Fancy checking out of your daily routine and checking into a luxurious hotel to enjoy those superb amenities which have been underutilised during the pandemic?; Well, now you can. Ong Chin Huat catches up with Martha Waslen to learn more about her newly launched online platform called DayAway, which makes all this and more possible.
Revolutionary in its concept and fast becoming the Asian region’s next big thing, DayAway is the first online destination for luxury lovers to seek out and book curated daytime experiences at Singapore’s Finest luxury hotels, all in one app.
DayAway is the brainchild of Martha Waslen (right), who launched beauty platform Luxola and previously worked at Ralph Lauren in New York before moving to Singapore back in 2011.
Currently, the online platform focuses on Singapore, but there are plans to expand its reach in the future. In simple terms, DayAway is a B2B2C platform that works with hotels to curate relaxing and highly experiential daytime packages which are designed to inspire, recharge and uplift.
Ong Chin Huat spoke with Martha Waslen to discover how she got the idea of starting DayAway and whether she thinks the hospitality industry will ever revert to some semblance of normality in the near future.
Luxurious Magazine: What is DayAway?
Martha Waslen: DayAway is an online destination for users to discover, browse and book exclusively curated hotel experiences by the day. We are a B2B2C platform offering hotels innovative inventory management and marketing solutions to monetise their underutilised facility space, and a marketplace for prospective guests to browse unique experiences at all of their favourite hotels and book in real-time. Following our successful launch in Singapore this past April, DayAway is on an encouraging trajectory to establish a global footprint by launching operations throughout Asia, Europe and North America.
LM: How did you come up with the idea of starting DayAway?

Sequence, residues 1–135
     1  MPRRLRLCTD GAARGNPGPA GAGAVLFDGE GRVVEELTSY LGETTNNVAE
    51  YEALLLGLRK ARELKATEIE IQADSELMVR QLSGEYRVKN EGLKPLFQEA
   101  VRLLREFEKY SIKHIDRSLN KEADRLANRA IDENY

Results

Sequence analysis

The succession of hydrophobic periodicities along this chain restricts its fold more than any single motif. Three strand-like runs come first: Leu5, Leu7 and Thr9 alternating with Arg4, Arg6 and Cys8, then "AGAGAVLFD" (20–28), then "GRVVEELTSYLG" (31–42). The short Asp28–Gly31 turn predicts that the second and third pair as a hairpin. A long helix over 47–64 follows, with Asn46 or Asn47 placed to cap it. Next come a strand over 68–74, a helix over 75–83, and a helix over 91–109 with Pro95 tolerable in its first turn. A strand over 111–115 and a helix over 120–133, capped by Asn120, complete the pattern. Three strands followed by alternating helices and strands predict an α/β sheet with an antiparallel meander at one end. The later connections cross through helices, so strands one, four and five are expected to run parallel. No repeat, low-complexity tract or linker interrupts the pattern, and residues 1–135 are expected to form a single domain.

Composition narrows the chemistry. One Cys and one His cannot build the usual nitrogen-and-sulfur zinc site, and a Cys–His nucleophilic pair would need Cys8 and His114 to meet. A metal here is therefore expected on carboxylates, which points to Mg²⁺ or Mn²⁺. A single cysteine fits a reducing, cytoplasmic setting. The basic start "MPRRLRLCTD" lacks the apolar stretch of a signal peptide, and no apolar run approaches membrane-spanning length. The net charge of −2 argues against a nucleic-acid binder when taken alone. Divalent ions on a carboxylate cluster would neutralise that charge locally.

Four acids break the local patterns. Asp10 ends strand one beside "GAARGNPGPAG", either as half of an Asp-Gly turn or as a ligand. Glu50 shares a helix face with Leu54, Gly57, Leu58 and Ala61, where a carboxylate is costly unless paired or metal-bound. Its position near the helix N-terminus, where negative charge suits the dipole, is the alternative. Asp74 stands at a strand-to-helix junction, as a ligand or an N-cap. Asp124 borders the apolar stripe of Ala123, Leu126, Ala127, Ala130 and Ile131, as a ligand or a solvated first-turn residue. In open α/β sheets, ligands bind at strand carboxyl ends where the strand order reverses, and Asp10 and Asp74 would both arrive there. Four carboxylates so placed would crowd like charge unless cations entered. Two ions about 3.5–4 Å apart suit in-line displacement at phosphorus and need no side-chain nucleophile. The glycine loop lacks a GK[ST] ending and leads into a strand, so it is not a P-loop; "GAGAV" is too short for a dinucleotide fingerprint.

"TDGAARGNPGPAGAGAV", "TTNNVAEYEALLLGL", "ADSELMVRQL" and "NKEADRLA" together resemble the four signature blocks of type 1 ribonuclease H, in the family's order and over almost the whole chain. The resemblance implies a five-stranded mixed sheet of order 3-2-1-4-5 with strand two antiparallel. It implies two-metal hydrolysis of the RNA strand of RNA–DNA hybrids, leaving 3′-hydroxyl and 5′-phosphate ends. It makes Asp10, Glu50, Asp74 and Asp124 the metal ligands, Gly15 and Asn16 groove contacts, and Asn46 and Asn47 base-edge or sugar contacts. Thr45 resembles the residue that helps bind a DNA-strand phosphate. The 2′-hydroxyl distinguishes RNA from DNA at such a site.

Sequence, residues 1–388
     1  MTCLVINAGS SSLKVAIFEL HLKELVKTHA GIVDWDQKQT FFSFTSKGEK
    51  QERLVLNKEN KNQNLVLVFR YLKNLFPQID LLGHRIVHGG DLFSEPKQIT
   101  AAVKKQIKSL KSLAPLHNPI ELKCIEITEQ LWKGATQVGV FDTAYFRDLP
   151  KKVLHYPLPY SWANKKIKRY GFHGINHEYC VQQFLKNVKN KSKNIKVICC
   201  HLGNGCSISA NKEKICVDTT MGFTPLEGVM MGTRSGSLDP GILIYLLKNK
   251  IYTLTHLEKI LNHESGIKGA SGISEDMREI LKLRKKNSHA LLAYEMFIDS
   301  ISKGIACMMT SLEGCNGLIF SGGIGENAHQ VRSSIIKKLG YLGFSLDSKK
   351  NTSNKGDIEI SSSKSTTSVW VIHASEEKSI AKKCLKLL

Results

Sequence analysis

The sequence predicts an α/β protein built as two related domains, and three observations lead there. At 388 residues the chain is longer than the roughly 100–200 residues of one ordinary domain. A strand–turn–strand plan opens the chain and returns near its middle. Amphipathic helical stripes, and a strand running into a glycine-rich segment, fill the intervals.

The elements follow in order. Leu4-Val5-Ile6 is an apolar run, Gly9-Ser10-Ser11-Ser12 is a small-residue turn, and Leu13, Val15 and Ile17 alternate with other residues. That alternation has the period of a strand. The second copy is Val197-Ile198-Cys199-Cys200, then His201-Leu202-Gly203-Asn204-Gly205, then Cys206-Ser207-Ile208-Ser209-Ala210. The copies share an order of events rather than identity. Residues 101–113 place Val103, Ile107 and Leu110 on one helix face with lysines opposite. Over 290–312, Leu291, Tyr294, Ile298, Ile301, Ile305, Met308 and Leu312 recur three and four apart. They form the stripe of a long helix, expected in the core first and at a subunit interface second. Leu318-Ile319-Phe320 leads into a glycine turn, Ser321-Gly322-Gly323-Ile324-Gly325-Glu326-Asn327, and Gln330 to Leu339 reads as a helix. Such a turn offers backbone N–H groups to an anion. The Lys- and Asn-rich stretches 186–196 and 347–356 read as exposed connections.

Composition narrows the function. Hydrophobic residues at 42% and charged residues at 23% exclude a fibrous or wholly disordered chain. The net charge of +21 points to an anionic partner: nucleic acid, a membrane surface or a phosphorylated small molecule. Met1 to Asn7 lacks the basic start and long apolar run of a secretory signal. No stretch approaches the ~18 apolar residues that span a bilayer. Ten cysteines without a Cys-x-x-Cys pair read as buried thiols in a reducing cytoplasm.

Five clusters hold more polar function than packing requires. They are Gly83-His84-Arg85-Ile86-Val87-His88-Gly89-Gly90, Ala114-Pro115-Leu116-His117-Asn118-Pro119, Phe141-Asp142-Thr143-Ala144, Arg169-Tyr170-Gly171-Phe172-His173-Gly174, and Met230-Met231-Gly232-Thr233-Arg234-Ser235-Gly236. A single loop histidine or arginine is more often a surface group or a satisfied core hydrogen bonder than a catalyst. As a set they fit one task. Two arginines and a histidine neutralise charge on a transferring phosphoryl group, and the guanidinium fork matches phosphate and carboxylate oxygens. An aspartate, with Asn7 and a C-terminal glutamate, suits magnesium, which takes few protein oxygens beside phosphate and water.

Martha: The idea to launch the first Asian-based, online destination for booking hotel experiences by the day was born in August 2020, shortly after Circuit Breaker restrictions eased, as a solution to connect communities desperate for space outside their homes to relax and recharge with underutilised ancillary space at hotels looking to generate new revenue streams.
Our first hospitality partnership with Raffles Hotel provided critical insight into how the platform should be built for scale and how to develop a technology and marketing platform that would create real value for hotel partners moving forward.
We are collaborating with some of the most recognised hotel brands in Southeast Asia, including Raffles Hotel, Fairmont Singapore, The Fullerton Hotels, Andaz Singapore, Pan Pacific Hotel Group, The Capitol Kempinski Hotel, The Vagabond Club, Duxton Reserve, and several other globally recognised hotel groups to be announced soon!
LM: Is DayAway confined to just hotels in Singapore, or do you plan to expand it to other countries and regions?
Martha: DayAway has been built for scale and international expansion from day one. Our back-end technology is able to launch new hotels anywhere in the world in a matter of minutes, and we are excited to see DayAway grow into a global platform over the next several months.
We are looking to announce our international expansion at the end of Q3 and have received an abundance of interest from renowned hotel groups across the Asia Pacific region, as well as outreach from hospitality groups in the UK, Europe and North America. We are currently assessing our options and growth strategies to determine which markets will best boost our brand awareness and user adoption while growing our global footprint.
LM: So far, how many hotels are registered with DayAway?
Martha: DayAway currently offers daytime experiences across 15 hotels in Singapore, such as the iconic Raffles Hotel, The Fullerton Hotel & The Fullerton Bay Hotel, Andaz Hotel, the Garcha Group Hotels, and Fairmont, and we will be welcoming another 20 hotels onto the platform over the next several weeks before announcing our next international market. DayAway has an aggressive global expansion strategy and is growing quickly, underlining the market need for such an experiential platform!
LM: What challenges have you encountered when you approached hotels to come on board with this concept of experiential daytime packages?
Martha: The early days of building DayAway were challenging because I was an industry outsider with little knowledge of hotels systems and on property operations, but I knew there was an obvious supply and demand opportunity for technological innovation if I could build the platform quickly enough.
Time was perhaps our greatest challenge. We couldn’t build DayAway in sequence; everything had to be done in tandem – building our prototype, pitching to hotels, raising capital, onboarding users – racing against time to capitalise on the perfect product-market fit for a platform like DayAway.